Japan March CPI could remain firm, putting focus on Ueda’s first BOJ meeting
Japan’s inflation print will be on watch this week as expectations of a policy tweak from new Bank of Japan governor continue despite his tone of policy continuity. Bloomberg consensus expects headline CPI to come in at 3.2% YoY from 3.3% YoY in February but the core-core measure (excluding fresh food and energy) is still expected to be firmer at 3.6% YoY from 3.5% previously. Tokyo CPI data for the month reported previously showed a modest softening in headline inflation but the core-core measure unexpectedly rose higher. Japanese equities have recently gained a lot of interest because of the Warren Buffet’s investments, and a softer CPI may provide a further boost.
UK data dump – will the May rate hike remain in play?
May hike from the Bank of England still remains in play with about a 77% probability, but commentary from officials has remained mixed. While economic momentum continues to pick up compared to recession calls being made late last year, this week’s data will be a key test for how much room there might be for further tightening. Labor data out on Tuesday and traders will be looking for signs on whether wage growth has peaked. CPI on Wednesday is expected to cool from double-digit levels seen in February, and services inflation will be the key component to watch as overall headline cooling can be driven by lower energy prices that remain volatile. Bloomberg consensus expectation is for headline inflation to come in at 9.8% YoY from 10.4% YoY previously. Lastly, retail sales and PMI data will be out on Friday, and a further test on whether the positive news on the economic momentum since the start of the year can continue. If not, the recent rally in GBPUSD to over 1.25 levels may be at risk of a reversal.
Regional banks face scrutiny after mega-cap banks post strong Q1 results
Regional banks in the US will be under close watch this week following the solid Q1 results from mega-cap banks JPMorgan, Citigroup, and Wells Fargo. These larger banks have benefitted from deposits flights from smaller banks, and investors are now eager to gauge the performance of the regional banks and their assessment of the business outlook. Over Q1, US domestic banks’ deposits fell 2.76% (not seasonally adjusted) or 2.35% (seasonally adjusted). M&T is scheduled to report on Monday, followed by Citizens Financial and Zion on Wednesday. On Thursday, Comerica, Fifth Third, Huntington, KeyCorp, and Sunovus will report, and Regions Financial will report on Friday.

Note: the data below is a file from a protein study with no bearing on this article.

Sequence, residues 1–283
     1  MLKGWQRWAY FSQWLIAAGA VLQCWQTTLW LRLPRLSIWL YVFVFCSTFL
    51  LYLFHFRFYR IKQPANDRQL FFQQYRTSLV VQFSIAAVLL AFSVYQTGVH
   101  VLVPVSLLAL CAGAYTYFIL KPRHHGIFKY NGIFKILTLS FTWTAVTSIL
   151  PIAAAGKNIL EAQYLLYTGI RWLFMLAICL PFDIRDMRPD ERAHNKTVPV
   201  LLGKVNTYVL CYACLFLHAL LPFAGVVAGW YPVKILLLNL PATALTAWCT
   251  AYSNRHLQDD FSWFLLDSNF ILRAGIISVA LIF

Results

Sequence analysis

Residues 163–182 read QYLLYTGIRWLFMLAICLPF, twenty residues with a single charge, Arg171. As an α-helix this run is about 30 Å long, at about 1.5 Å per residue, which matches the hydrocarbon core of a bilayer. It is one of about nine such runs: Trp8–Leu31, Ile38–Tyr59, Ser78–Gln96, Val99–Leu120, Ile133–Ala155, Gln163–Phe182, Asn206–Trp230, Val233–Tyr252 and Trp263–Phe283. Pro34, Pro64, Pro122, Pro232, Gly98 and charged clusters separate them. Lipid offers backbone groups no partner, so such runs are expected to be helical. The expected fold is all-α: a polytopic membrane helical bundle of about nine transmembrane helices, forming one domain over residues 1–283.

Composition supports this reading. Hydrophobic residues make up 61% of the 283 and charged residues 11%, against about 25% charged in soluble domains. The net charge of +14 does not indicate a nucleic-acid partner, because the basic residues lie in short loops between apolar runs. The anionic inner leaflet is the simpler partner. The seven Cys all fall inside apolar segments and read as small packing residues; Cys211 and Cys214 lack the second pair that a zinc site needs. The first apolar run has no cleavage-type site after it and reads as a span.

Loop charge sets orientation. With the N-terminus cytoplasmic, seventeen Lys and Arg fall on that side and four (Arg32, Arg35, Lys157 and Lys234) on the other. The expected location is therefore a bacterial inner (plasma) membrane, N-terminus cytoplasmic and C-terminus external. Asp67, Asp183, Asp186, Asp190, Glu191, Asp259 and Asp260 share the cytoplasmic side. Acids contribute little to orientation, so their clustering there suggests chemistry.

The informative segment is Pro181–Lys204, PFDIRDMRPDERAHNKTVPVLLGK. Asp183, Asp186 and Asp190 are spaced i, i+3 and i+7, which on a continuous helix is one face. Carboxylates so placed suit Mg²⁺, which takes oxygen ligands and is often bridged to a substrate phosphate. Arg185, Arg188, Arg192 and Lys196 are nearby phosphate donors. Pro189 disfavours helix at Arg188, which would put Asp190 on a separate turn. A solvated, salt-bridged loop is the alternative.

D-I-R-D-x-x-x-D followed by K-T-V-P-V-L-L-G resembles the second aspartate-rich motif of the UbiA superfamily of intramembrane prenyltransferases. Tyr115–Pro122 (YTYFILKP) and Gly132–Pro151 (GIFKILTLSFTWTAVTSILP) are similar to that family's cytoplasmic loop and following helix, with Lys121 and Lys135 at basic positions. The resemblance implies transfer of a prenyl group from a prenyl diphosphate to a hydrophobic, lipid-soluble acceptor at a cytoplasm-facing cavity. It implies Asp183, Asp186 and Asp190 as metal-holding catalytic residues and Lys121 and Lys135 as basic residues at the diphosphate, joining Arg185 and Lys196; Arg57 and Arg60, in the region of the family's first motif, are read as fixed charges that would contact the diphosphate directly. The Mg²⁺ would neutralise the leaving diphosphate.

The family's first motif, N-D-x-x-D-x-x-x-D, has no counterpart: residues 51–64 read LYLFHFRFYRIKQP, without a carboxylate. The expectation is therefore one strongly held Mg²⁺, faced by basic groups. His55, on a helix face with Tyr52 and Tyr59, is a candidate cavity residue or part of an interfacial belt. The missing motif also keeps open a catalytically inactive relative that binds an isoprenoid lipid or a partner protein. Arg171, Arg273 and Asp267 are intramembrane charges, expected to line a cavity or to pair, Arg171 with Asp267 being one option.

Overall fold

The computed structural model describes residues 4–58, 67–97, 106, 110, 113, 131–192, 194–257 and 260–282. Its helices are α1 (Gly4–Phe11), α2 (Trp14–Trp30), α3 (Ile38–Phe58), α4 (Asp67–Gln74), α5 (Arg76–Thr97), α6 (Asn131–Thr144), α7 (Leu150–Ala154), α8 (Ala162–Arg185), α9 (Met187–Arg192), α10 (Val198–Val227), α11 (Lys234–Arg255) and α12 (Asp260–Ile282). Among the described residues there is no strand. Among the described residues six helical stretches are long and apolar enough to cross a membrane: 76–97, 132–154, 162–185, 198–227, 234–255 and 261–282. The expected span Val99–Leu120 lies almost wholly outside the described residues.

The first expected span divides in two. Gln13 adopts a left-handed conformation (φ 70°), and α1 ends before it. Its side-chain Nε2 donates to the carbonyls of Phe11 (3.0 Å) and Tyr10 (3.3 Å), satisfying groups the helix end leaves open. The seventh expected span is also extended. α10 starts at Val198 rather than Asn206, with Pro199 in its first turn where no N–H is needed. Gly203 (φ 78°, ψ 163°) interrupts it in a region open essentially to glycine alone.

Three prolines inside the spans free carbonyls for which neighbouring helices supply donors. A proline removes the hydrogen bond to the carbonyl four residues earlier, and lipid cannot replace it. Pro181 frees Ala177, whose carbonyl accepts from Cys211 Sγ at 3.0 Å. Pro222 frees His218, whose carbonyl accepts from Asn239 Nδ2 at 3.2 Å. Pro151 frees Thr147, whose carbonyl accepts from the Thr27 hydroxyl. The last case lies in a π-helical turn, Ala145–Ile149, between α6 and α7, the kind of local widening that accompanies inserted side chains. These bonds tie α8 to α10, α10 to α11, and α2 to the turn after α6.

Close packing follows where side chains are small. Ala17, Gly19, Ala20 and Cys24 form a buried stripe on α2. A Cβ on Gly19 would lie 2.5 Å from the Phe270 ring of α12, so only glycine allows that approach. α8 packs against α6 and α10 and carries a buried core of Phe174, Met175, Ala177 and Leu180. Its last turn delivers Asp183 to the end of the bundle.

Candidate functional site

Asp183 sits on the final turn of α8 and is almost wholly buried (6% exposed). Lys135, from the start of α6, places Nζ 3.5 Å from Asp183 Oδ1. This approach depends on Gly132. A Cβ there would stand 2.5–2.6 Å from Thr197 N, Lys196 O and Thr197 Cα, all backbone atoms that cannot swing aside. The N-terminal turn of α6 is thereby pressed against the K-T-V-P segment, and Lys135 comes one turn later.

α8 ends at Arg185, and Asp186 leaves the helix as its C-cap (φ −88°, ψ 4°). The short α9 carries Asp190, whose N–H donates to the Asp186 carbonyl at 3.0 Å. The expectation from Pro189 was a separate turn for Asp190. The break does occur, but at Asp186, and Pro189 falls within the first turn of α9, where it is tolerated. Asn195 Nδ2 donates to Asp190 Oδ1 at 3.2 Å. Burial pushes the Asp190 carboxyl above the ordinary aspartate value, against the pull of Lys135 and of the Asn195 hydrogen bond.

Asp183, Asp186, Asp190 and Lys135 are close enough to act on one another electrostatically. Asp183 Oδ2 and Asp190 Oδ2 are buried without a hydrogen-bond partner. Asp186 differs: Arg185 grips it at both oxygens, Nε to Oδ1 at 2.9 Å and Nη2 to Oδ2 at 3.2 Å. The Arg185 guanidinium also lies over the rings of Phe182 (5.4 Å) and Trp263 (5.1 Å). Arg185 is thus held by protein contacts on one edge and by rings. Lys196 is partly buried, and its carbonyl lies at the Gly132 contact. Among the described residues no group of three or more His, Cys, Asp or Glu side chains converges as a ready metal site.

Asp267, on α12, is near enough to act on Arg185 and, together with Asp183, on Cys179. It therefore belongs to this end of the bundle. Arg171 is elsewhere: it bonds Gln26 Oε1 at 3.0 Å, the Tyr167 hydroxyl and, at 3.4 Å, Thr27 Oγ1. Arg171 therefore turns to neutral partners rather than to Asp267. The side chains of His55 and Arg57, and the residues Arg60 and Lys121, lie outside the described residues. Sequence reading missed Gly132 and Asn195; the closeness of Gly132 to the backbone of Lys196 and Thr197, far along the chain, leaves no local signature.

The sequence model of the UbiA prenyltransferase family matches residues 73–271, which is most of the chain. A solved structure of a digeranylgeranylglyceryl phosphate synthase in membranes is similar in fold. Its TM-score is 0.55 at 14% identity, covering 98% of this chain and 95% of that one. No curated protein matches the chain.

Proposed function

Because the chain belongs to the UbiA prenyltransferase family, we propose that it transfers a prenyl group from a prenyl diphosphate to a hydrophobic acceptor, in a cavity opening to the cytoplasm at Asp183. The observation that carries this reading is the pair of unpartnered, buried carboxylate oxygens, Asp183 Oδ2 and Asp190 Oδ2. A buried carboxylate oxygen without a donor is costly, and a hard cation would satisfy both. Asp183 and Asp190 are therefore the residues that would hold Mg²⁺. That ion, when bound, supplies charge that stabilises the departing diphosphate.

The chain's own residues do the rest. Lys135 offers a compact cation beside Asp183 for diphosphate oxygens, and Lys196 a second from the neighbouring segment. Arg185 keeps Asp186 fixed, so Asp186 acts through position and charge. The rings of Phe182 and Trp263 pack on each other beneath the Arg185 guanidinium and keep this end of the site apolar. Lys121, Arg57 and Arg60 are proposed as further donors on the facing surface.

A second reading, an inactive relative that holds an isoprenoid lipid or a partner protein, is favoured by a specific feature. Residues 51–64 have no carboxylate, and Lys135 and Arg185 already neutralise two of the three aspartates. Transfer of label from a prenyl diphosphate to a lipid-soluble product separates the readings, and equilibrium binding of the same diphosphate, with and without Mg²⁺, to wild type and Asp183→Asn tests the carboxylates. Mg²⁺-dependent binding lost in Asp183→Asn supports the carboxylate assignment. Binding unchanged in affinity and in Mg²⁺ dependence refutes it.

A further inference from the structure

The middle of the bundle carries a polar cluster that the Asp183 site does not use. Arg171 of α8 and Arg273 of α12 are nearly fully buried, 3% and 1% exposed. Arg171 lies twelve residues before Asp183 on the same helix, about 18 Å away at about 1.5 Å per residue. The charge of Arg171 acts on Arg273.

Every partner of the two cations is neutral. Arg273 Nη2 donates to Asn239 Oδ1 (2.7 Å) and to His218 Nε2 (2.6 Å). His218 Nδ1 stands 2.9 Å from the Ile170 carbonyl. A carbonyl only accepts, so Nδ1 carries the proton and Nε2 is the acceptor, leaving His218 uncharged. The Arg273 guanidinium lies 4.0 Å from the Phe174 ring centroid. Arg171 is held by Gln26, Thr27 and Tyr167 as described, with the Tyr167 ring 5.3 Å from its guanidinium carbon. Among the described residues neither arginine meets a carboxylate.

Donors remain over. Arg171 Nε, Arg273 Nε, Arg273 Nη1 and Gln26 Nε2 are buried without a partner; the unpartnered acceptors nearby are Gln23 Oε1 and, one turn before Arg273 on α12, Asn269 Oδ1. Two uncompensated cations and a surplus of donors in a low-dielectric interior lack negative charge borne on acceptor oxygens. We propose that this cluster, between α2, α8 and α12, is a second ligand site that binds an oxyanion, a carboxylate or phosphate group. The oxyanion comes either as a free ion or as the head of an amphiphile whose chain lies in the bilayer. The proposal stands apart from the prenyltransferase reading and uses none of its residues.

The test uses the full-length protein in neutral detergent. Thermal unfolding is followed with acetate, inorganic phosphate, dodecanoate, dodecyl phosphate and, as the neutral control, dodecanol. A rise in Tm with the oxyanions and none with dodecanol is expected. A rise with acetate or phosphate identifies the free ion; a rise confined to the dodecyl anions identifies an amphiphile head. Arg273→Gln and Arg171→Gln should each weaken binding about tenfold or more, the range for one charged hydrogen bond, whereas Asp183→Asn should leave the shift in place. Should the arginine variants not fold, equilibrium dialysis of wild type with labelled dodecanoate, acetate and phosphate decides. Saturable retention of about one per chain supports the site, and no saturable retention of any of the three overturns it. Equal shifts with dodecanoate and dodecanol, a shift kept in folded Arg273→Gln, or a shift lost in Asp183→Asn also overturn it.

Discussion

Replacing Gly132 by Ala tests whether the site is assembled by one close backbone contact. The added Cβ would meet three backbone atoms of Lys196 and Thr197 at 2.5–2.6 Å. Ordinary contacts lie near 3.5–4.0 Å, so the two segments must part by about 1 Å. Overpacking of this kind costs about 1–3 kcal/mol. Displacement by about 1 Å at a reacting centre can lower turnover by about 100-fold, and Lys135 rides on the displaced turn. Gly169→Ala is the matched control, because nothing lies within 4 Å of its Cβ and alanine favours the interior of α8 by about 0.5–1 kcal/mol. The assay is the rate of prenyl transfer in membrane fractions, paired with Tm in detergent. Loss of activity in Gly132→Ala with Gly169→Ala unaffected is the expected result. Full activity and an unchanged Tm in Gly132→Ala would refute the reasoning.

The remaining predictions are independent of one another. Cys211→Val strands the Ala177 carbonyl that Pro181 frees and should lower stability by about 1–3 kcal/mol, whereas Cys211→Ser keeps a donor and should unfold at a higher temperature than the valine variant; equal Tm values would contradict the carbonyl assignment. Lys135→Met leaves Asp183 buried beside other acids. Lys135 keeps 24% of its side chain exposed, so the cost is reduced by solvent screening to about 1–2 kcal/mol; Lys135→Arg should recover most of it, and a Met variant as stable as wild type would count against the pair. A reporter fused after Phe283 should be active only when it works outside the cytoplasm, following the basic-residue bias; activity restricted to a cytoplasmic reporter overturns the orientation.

This week’s key earnings releases:
Monday 17 April
Charles Schwab, M&T, Eve Energy, Exor
Tuesday 18 April
Bank of America, Goldman Sachs, Netflix, Johnson & Johnson, United Airlines, Lockheed Martin, Intuitive Surigical, Ericsson
Wednesday 19 April
Tesla, Morgan Stanley, US Bancorp, Zions,Citizens Financial, IBM, Alcoa, Abbott Lab, Lam Research, Las Vegas Sands, Metro, ASML, Heineken
Thursday 20 April
Blackstone, American Express, Comerica, Fifth Third, Huntington, KeyCorp, Sunovus, AT&T, Union Pacific, CSX, Philip Morris, DR Horton, CATL, Tryg, Nokia, Sartorius
Friday 21 April
Procter & Gamble, Regions Financial, Schlumberger, Freeport-McMoRan, Jinko Solar, SAP, Sandvik, Investor
This week’s economic key events
Monday 17 April
- US Empire State survey (Apr)
- US NAHB housing market index (Apr)
- ECB’s Lagarde speaks
- BOE’s Cunliffe speaks
Tuesday 18 April
- US Housing starts & building permits (Mar)
- US Manheim used vehicle prices (Apr)
- Germany ZEW survey (Apr)
- UK Earnings & employment (Feb)
- UK Payrolls (Mar)
- China Retail sales (Mar)
- China Industrial production (Mar)
- China Fixed Asset Investment (Jan-Mar)
- China GDP (Q1)
- Japan Industrial production (Feb, final)
Wednesday 19 April
- US Beige Book
- Eurozone CPI (Mar, final)
- UK CPI (Mar)
- UK PPI (Mar)
- ECB’s Schnabel speaks
Thursday 20 April
- US Philly Fed survey (Apr)
- US Existing home sales (Mar)
- US Initial jobless claims (Apr 15)
- Germany PPI (Mar)
- France Business confidence (Apr)
- Eurozone Consumer confidence (Apr)
- Japan Trade balance (Mar)
- Fed’s Waller and Bowman speak
- ECB’s Visco speaks
Friday 21 April
- US S&P manufacturing PMI (Apr, preliminary)
- US S&P services PMI (Apr, preliminary)
- Eurozone PMI composite (Apr)
- UK Retail sales (Mar)
- UK PMI services (Apr)
- UK PMI composite (Apr)
- Fed’s Cook speaks
- Japan National CPI (Mar)
- Japan Manufacturing PMI (Apr)
- South Korea Exports – 20days (Apr)
- Hong Kong CPI (Mar)